DLR-Logo -> http://www.dlr.de
DLR Portal Home | Imprint | Privacy Policy | Contact | Deutsch
Fontsize: [-] Text [+]

Visual Tracking and Motion Estimation for an On-orbit Servicing of a Satellite

Oumer, Nassir W. (2016) Visual Tracking and Motion Estimation for an On-orbit Servicing of a Satellite. Dissertation, Universität Osnabrück.

[img] PDF

Official URL: https://repositorium.uni-osnabrueck.de/handle/urn:nbn:de:gbv:700-2016092815002


This thesis addresses visual tracking of a non-cooperative as well as a partially cooperative satellite, to enable close-range rendezvous between a servicer and a target satellite. Visual tracking and estimation of relative motion between a servicer and a target satellite are critical abilities for rendezvous and proximity operation such as repairing and deorbiting. For this purpose, Lidar has been widely employed in cooperative rendezvous and docking missions. Despite its robustness to harsh space illumination, Lidar has high weight and rotating parts and consumes more power, thus undermines the stringent requirements of a satellite design. On the other hand, inexpensive on-board cameras can provide an effective solution, working at a wide range of distances. However, conditions of space lighting are particularly challenging for image based tracking algorithms, because of the direct sunlight exposure, and due to the glossy surface of the satellite that creates strong reflection and image saturation, which leads to difficulties in tracking procedures. In order to address these difficulties, the relevant literature is examined in the fields of computer vision, and satellite rendezvous and docking. Two classes of problems are identified and relevant solutions, implemented on a standard computer are provided. Firstly, in the absence of a geometric model of the satellite, the thesis presents a robust feature-based method with prediction capability in case of insufficient features, relying on a point-wise motion model. Secondly, we employ a robust model-based hierarchical position localization method to handle change of image features along a range of distances, and localize an attitude-controlled (partially cooperative) satellite. Moreover, the thesis presents a pose tracking method addressing ambiguities in edge-matching, and a pose detection algorithm based on appearance model learning. For the validation of the methods, real camera images and ground truth data, generated with a laboratory tet bed similar to space conditions are used. The experimental results indicate that camera based methods provide robust and accurate tracking for the approach of malfunctioning satellites in spite of the difficulties associated with specularities and direct sunlight. Also exceptional lighting conditions associated to the sun angle are discussed, aimed at achieving fully reliable localization system in a certain mission.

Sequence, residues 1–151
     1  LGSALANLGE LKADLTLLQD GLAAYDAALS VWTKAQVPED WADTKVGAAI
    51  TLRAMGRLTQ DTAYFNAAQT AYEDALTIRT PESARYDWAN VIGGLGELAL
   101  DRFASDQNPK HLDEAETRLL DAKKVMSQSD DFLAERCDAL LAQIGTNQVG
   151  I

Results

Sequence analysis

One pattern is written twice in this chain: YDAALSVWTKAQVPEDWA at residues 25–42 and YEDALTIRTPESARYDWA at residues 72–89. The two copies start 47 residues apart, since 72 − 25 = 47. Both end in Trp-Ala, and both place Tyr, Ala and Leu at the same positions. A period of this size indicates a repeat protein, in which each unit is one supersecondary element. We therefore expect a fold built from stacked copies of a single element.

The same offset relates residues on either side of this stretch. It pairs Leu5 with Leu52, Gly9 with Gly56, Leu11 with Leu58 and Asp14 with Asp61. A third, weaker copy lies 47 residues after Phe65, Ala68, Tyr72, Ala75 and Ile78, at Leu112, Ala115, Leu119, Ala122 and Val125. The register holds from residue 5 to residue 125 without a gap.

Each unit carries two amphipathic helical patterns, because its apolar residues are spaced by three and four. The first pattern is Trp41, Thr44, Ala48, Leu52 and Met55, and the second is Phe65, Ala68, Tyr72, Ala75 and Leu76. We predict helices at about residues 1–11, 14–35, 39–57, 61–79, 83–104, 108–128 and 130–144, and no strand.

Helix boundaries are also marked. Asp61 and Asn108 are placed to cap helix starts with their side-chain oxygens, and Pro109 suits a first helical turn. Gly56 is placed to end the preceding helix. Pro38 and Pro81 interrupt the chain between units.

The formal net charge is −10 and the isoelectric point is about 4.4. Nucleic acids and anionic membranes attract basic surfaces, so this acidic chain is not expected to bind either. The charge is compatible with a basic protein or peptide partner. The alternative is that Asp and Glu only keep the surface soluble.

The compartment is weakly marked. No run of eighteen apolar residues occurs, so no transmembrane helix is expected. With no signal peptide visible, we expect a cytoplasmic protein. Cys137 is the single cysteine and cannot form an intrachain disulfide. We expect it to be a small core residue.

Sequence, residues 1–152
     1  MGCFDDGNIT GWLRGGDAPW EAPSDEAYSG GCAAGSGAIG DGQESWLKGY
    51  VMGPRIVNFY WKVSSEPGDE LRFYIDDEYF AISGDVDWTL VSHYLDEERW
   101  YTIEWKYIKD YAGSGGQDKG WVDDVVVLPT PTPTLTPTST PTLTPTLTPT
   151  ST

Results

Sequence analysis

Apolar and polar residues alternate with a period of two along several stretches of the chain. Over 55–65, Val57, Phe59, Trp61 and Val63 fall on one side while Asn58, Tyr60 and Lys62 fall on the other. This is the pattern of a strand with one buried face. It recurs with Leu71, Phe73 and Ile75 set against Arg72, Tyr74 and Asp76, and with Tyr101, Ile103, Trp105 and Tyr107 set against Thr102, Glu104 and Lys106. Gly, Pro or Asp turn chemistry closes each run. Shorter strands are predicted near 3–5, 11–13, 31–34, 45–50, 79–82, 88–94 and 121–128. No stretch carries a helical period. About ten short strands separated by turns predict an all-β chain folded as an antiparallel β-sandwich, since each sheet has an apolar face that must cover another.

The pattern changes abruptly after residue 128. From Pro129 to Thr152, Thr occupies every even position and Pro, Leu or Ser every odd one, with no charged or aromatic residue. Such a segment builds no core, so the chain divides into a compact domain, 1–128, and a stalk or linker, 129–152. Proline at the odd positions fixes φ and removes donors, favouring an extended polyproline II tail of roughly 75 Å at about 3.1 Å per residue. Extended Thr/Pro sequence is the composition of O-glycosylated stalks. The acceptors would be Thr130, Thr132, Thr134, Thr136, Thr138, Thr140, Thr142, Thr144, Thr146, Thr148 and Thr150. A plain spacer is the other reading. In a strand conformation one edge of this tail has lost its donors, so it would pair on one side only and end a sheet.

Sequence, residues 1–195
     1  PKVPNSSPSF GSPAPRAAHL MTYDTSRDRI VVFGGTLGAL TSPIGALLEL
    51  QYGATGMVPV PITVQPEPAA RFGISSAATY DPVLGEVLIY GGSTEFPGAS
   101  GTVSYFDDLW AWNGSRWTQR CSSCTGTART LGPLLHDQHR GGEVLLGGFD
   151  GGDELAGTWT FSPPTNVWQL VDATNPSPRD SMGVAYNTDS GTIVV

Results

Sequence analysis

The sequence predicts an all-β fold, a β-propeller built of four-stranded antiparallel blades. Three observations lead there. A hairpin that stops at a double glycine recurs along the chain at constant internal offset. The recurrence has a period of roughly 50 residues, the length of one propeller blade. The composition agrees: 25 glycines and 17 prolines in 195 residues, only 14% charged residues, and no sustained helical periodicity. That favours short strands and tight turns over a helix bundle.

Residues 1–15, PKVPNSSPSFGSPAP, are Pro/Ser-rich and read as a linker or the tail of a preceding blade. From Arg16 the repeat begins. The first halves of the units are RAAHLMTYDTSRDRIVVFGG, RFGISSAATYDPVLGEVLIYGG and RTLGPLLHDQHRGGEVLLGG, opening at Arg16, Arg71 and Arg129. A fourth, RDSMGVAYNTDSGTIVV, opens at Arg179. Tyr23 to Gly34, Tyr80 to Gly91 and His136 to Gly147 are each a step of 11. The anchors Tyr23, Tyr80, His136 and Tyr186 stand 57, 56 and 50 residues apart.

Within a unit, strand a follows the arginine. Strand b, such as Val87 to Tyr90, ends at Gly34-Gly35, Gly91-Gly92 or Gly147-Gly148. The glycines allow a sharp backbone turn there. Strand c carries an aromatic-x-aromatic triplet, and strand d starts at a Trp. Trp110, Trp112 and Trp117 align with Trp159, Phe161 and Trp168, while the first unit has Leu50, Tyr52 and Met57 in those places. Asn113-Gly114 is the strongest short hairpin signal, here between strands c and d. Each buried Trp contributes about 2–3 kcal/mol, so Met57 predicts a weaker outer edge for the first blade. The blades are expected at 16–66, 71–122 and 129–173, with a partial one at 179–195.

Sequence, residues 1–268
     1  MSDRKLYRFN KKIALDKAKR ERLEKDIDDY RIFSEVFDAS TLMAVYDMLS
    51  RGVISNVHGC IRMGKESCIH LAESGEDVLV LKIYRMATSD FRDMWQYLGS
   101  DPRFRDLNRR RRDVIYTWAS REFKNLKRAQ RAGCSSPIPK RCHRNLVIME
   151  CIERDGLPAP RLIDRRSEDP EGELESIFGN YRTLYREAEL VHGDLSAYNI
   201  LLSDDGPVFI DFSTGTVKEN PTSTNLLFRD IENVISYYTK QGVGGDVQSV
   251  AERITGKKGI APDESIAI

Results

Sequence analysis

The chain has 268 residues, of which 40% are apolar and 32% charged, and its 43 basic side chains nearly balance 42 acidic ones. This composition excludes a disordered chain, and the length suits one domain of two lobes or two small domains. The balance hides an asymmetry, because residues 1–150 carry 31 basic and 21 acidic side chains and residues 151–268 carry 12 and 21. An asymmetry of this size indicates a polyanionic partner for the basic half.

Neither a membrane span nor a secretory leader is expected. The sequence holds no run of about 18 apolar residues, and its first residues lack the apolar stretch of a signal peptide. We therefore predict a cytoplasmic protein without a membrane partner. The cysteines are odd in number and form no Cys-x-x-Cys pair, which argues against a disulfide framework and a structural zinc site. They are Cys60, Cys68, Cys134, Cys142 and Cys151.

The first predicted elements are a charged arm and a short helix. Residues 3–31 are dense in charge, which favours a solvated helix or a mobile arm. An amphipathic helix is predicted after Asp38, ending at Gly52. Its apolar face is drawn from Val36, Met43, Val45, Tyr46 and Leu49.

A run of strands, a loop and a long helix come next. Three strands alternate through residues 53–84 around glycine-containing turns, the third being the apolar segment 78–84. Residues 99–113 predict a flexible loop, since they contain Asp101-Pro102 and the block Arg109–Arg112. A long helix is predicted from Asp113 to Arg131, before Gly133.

Item URL in elib:https://elib.dlr.de/109646/
Document Type:Thesis (Dissertation)
Title:Visual Tracking and Motion Estimation for an On-orbit Servicing of a Satellite
AuthorsInstitution or Email of AuthorsAuthors ORCID iD
Oumer, Nassir W.nassir.oumer (at) dlr.deUNSPECIFIED
Date:September 2016
Refereed publication:Yes
Open Access:Yes
Gold Open Access:No
In ISI Web of Science:No
Number of Pages:190
Keywords:visual Tracking satellite servicing model-based tracking Model-free tracking non-cooperative satellite motion estimation
Institution:Universität Osnabrück
Department:Institut für Informatik
HGF - Research field:Aeronautics, Space and Transport
HGF - Program:Space
HGF - Program Themes:Space Technology
DLR - Research area:Raumfahrt
DLR - Program:R SY - Technik für Raumfahrtsysteme
DLR - Research theme (Project):R - Vorhaben Multisensorielle Weltmodellierung
Location: Oberpfaffenhofen
Institutes and Institutions:Institute of Robotics and Mechatronics (since 2013) > Perception and Cognition
Deposited By: Oumer, Nassir
Deposited On:20 Dec 2016 11:35
Last Modified:31 Jul 2019 20:06

Repository Staff Only: item control page

Help & Contact
electronic library is running on EPrints 3.3.12
Copyright © 2008-2017 German Aerospace Center (DLR). All rights reserved.